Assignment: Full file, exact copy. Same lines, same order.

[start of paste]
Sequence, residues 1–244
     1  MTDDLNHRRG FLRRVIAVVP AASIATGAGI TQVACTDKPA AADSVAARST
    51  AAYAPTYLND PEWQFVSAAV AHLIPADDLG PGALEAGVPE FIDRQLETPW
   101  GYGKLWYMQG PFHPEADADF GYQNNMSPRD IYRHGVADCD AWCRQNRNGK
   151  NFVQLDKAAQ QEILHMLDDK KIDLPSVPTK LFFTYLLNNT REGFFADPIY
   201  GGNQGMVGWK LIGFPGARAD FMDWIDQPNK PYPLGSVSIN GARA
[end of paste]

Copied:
Sequence, residues 1–244
     1  MTDDLNHRRG FLRRVIAVVP AASIATGAGI TQVACTDKPA AADSVAARST
    51  AAYAPTYLND PEWQFVSAAV AHLIPADDLG PGALEAGVPE FIDRQLETPW
   101  GYGKLWYMQG PFHPEADADF GYQNNMSPRD IYRHGVADCD AWCRQNRNGK
   151  NFVQLDKAAQ QEILHMLDDK KIDLPSVPTK LFFTYLLNNT REGFFADPIY
   201  GGNQGMVGWK LIGFPGARAD FMDWIDQPNK PYPLGSVSIN GARA